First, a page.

Over the next 6-9 months, we will bring you one of the most interesting coaching outreaches I have ever heard of. It is called the “180 Degree Dental Journey”. A few years back in Portland, Oregon, an Endodontist hired me to create a “never done before” 6-month coaching experience for their GP dentist referring doctors that would literally reshape any dental practice. A course so interactive and comprehensive that it will allow challenged practices to make a 180-degree shift in strategy and results: Whether they struggled with day-to-day survival or just wanted to take their already good practices to a new level of greatness. It developed into a strategically based, results oriented training that encompassed six individual half day seminars with monthly to do lists, and companion materials to support the monthly training. It is literally a full court press, no holds barred assault on mediocrity in a dental practice. Forget where you are, decide where you want to be and go get it. As it turned out, it became the blue print for “The Super General Dental Practice” book.
I am going to take the same information, follow up materials, and bullet points from each of these six four-hour seminars and convert them to articles and occasional Zoom meetings with other options for those that want a deeper dive into significance and success in a dental practice.
During the first session there in Portland as I looked over the crowd, I was surprised at how few of the offices had brought their teams. It was especially surprising owing to the fact that we had stressed how important their staff’s attendance was. In fact, I had mentioned in several of the 8-9 contacts we had emailed to the potential attendees, that if given the choice of having the doctor or the staff, I would rather have the staff in attendance. During the seminar we approached this topic by helping them to see that the entire team is an integral part of any change, and without participation, they will not embrace any improvement in the office’s systems or results. From the podium, my first thought was that the doctors didn’t see the value in the staff’s attendance. I assumed that they felt that they could listen, filter, and bring home to the troops the portions that they felt were pertinent to their situation.
If this were the case, there are several fallacies in their reasoning. I want to give you a reason to involve your team in reading every article that we send in this series. Based on your feedback, I will be able to expand the topics as well as ensuring greater participation in your team. Take these next facts to heart:
Failure to be where you want to be is always the Doctor’s fault. Like it or not, the economy, staff, systems, dental IQ of the patient, competition or location are a distant second to the leadership and vision of the doctor. By “omission” or “commission” the doctor’s actions have created the situation that they now find themselves in. It is always the doctor’s fault: He or she hired the staff, allowed the systems, and encouraged a corporate personality that has created the current results. In this journey, the first person to work on, and the first thing to change, is the doctor. Without this revelation and subsequent commitment to change by the doctor, the practice is doomed to repeat their past mistakes. I like to call it “dead practice walking”. The practice is doomed, it just hasn’t happened yet.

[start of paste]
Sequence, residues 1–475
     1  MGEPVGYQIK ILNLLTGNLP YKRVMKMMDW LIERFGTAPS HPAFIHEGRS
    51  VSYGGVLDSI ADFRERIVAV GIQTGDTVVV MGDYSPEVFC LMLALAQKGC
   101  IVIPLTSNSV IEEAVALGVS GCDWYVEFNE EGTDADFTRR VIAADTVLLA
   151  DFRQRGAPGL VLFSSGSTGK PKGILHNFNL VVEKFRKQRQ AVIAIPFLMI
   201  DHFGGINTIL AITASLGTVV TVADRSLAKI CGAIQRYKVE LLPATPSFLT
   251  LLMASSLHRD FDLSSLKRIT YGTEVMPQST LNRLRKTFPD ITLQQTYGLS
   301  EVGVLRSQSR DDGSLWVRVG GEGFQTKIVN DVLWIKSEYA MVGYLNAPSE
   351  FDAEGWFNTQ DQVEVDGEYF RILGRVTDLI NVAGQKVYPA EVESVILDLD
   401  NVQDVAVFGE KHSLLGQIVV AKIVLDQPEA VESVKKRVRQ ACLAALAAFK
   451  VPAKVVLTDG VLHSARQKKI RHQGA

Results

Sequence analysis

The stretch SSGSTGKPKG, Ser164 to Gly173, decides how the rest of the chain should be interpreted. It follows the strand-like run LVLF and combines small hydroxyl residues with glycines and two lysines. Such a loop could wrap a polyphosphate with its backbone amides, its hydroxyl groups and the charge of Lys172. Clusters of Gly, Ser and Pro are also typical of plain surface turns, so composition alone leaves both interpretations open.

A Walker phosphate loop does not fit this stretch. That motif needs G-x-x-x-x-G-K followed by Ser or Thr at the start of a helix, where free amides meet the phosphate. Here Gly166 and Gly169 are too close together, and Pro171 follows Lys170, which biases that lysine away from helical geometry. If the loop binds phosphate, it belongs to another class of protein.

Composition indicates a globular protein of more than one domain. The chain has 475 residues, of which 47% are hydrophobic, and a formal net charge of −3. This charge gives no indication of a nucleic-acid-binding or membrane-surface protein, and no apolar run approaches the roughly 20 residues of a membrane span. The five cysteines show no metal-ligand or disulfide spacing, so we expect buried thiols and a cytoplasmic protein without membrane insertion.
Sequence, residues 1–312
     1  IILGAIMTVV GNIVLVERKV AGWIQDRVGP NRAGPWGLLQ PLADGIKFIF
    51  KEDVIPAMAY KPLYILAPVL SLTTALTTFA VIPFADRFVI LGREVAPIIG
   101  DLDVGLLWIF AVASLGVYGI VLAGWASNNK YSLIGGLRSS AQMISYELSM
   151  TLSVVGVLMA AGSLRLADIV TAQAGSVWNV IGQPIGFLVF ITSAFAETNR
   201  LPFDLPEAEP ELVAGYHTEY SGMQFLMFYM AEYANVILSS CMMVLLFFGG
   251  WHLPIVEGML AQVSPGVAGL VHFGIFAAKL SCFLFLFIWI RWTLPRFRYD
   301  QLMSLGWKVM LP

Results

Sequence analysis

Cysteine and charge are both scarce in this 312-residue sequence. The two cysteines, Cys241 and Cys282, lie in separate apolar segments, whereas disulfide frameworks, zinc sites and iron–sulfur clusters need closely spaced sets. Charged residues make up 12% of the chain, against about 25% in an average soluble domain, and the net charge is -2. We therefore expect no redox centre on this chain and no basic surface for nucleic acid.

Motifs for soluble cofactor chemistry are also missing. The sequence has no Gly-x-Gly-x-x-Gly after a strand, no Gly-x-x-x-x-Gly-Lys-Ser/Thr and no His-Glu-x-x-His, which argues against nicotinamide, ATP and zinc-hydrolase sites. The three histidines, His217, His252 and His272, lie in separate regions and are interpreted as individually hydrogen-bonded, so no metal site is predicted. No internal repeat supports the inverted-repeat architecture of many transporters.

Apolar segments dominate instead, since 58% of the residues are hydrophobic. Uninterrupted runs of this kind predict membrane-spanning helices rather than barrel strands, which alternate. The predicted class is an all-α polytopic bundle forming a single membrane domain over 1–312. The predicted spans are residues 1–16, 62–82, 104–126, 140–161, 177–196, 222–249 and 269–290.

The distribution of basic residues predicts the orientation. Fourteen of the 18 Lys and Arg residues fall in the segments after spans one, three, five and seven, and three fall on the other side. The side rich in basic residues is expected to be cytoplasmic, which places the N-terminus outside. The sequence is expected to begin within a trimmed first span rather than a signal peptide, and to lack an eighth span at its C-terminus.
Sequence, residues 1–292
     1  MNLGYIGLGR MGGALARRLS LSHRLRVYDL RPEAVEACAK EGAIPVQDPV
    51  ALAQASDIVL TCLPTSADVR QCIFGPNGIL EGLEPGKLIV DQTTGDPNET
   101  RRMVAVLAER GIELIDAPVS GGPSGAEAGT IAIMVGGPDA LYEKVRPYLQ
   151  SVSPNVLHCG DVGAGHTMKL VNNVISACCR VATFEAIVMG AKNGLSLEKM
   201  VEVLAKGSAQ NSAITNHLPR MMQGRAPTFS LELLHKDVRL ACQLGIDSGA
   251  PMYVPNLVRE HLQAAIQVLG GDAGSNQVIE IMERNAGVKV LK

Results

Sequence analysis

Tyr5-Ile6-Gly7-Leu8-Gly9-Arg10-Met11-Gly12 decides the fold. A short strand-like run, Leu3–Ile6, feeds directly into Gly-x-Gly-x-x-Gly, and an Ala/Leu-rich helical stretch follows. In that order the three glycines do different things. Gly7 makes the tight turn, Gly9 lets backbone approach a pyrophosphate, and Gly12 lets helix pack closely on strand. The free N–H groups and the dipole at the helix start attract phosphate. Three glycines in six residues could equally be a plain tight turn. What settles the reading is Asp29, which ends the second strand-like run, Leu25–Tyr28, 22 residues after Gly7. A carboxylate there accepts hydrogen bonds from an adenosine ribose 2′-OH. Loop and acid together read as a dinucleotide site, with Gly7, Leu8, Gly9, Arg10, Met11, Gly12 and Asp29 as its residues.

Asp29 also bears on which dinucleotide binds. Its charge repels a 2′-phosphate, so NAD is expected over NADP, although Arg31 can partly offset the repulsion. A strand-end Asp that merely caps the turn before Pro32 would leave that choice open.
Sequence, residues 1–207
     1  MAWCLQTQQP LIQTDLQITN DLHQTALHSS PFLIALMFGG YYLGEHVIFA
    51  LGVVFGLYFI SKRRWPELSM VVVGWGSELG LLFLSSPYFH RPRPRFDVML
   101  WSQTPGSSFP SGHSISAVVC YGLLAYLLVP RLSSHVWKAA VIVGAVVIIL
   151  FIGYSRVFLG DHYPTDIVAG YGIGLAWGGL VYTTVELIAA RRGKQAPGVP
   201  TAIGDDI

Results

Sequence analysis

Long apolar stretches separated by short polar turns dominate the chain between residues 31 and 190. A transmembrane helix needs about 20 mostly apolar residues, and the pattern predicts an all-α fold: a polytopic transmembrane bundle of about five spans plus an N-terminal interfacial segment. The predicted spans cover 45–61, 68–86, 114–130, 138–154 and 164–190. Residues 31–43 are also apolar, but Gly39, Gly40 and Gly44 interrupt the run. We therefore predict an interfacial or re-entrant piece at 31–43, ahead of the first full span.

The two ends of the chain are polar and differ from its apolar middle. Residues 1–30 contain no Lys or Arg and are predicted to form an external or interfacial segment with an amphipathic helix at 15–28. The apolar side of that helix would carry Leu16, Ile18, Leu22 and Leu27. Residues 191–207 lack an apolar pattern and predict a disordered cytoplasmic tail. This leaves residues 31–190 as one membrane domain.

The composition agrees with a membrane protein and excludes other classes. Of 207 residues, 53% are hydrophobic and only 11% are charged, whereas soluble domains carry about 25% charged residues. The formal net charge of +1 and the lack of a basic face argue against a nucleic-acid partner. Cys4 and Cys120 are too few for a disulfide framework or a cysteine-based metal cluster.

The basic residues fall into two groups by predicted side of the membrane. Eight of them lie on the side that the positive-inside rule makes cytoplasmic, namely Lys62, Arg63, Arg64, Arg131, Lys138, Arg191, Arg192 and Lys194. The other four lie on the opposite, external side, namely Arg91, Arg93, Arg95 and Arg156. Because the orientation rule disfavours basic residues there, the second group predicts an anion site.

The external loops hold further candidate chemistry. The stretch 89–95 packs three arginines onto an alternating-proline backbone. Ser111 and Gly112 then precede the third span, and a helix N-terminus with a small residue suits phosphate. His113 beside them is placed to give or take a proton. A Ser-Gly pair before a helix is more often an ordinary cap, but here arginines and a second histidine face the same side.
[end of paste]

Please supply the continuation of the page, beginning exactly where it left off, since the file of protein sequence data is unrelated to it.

The doctor is repeating a flawed and failed strategy. One form of insanity is doing the same thing over and over again but expecting another result. You have attended seminars without your staff and tried to bring back some technology, system, or idea only to fail to implement it. It is a mistake to think that your ability to sell this change will equal the effect of actually being there in the first place. Immersion in the original presentation/articles is what excites the imagination to help everyone embrace the new idea or system. You have always failed to perform with this strategy in the past, so admit it and change your own behavior and reap the results of a “team” effort.
Everyone filters new information. As you the doctor sit thru a presentation, you filter the information based on your past training, what you currently do, and your limiting beliefs. It is a fact, that if we survey doctors attending a seminar, we will get drastically different ideas of what was taught. Many doctors are confounded when forced to read the actual speakers words a second time that cover the very topic they have misheard or misprocessed. When confronted with this inequity of understanding it is obvious that the doctors miss many of the salient points being made by the speaker because of inattention or internal turmoil with the philosophy of the system being presented. If it is a challenging topic they just check out at times. If we add the staff, there is a more uniform understanding, recall, and implementation of every aspect of the lecture. If you think about it, we are all affected differently by the implementation of any system or change. It creates empowered ownership with the listeners. Once you get back to the office, you will see a dramatic reduction in the time it takes to implement, and that means you also see an improvement in results sooner. Remember that there is no learning without application.